Tuesday, June 5, from around the blogs:
Erik Hertsman at White African reports: Google has hired its first sub-Saharan Africa employee!
Joseph Mucheru has been named the new site lead for Google Kenya. This was whispered to be happening, but at today’s Google lunch at TEDGlobal the position was made official by Francoise Brougher, Director of Google Business Opportunities.
Mentalacrobatics posted a fascinating blow-by-blow of his Day Two, ending with this wonderful image:
Back at the hotel is when TED came home. I sat down to write my thoughts on the day when Harinjaka shared with us the crazy deforestation that is taking place in his country of Madagascar. That was the beginning of all night thinking, sharing, debating session. Two Kenyans, one Madagascan, one Nigerian, one Italian, one American. We had never met before TED, all but one of us are at our first TED conference and we had our own TED session then and there. We talked about HIV/AIDS, about social disempowerment, about colonial legacy, about Nollywood, Bollywood and the Chinese film industry, about music, about deforestation in Madagascar …
Afromusing was captivated by Ron Eglash’s work on African fractals, including a web tool that integrates fractal design and hair braiding:
!! Indeed !!
Design cornrows using transformational geometry. Click here.
Ron Eglash spoke on looking at fractals in African architecture and design. For non comp sci people, fractals make for some of the most beautiful designs. For African geeks, egm and mathematicians, get the book.
David McQueen blogged his highlights from the second day:
Idris Mohammed – The suggestion of a “Fund of Funds” from G8 as a means of smarter aid. Encourage Africans or Europeans who can invest in Private Equite Fundraising. Remove the focus from “Poverty Reduction” and place more emphasis on “Wealth Creation”.
Don at fifthculture shared a ride with investor and TED Day 2 speaker Idris Mohammed:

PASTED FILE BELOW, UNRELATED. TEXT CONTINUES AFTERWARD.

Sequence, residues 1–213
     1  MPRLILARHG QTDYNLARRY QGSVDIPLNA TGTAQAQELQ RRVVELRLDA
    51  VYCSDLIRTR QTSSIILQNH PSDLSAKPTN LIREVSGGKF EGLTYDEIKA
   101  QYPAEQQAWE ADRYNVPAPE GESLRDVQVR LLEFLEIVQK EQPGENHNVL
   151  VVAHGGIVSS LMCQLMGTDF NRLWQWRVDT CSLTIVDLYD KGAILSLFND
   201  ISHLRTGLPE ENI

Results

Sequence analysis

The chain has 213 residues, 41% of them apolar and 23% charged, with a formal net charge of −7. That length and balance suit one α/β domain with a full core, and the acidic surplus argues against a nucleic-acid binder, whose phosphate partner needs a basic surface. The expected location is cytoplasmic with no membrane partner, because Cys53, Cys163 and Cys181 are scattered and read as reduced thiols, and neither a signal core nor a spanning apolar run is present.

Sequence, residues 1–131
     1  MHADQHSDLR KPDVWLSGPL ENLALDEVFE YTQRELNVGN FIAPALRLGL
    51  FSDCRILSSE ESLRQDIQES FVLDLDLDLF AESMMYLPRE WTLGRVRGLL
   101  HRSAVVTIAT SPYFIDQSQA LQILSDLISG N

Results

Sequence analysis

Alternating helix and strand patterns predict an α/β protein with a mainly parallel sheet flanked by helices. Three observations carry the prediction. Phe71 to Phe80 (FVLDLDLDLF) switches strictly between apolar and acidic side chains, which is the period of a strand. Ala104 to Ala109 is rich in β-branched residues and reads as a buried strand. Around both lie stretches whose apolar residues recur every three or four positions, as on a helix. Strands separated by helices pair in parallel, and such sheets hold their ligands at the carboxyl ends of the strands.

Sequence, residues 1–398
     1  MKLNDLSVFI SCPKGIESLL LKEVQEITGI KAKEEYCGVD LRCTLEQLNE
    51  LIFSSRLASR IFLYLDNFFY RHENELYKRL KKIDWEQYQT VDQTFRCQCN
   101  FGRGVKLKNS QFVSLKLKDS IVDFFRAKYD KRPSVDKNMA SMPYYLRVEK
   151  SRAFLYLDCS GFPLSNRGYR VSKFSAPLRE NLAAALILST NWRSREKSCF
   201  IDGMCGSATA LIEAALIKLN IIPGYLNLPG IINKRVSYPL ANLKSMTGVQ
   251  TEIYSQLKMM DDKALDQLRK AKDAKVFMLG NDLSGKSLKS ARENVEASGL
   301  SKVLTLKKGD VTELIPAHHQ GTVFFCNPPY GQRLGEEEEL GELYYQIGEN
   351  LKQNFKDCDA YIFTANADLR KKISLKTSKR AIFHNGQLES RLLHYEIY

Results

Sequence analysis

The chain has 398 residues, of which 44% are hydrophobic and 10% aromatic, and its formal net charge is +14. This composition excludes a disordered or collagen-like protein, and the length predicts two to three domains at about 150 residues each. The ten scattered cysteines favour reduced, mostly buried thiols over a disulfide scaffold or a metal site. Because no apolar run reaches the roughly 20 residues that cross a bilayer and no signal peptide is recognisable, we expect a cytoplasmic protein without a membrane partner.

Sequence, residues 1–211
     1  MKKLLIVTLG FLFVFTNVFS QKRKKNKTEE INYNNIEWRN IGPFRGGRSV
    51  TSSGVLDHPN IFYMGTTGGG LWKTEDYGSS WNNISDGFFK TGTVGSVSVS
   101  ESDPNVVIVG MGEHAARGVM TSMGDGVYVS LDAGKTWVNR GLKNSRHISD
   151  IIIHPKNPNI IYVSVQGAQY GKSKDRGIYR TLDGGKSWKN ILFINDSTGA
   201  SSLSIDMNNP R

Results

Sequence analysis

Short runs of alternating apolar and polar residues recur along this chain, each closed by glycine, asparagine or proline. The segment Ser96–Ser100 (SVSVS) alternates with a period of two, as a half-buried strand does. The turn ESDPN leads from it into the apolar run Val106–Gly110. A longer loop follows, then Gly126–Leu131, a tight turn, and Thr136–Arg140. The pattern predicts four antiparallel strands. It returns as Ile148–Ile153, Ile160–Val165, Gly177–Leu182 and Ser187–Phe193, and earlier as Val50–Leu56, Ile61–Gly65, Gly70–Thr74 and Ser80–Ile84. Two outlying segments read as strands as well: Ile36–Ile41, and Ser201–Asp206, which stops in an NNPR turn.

Idris Mohammed, a private equity pioneer, said that energy is the next big job in Africa. … I had the opportunity to ride to the hotel from the airport with Idris. I asked him what form of power (fossil fuels, wind, hydro), he said that most likely it would be fossil fuels. It seems we can’t avoid creating problems even when we are solving them. Both options are grave.
Mweshi‘s roundup captured the buzz around entrepreneur Ted Kidane:
… a wonderful talk by Ted Kidane of Feedelix which is a mobile phone piece of software that enable text messaging in non-Latin scripts. But the thing that stood out the most about Ted’s talk was his challenge to everyone in the room to change the manner in which they look at the word POVERTY; which in his words defined as Prosperity, Opportunity, Validation, Enthusiasm, Resilience, Trust and Yes!
Big, brave ideas are flying around. Ellen Horne reports on a lunchtime conversation:
Today, I sat down at lunch with three African men. One was a grad student from Cape Town, S.A., and the other two were ex-pats from Ghana – living abroad but very much engaged in a conversation about the reasons that Africans leave. The conversation turned to the topic of corruption. How to address the massive short-term incentives for supporting the ‘big man’ power system fueled by corruption. One quickly brainstormed talked about a public humiliation website where people could anonymously post photos of bribes being given. I asked innocently ‘Why would someone exchange bribery cash in public?” He agreed — sure you aren’t going to get many — but maybe the few would set a powerful example — and hopefully not a unique one.
And as always, for minute-to-minute coverage of the conference sessions, turn to Ethan Zuckerman at My Heart’s in Accra.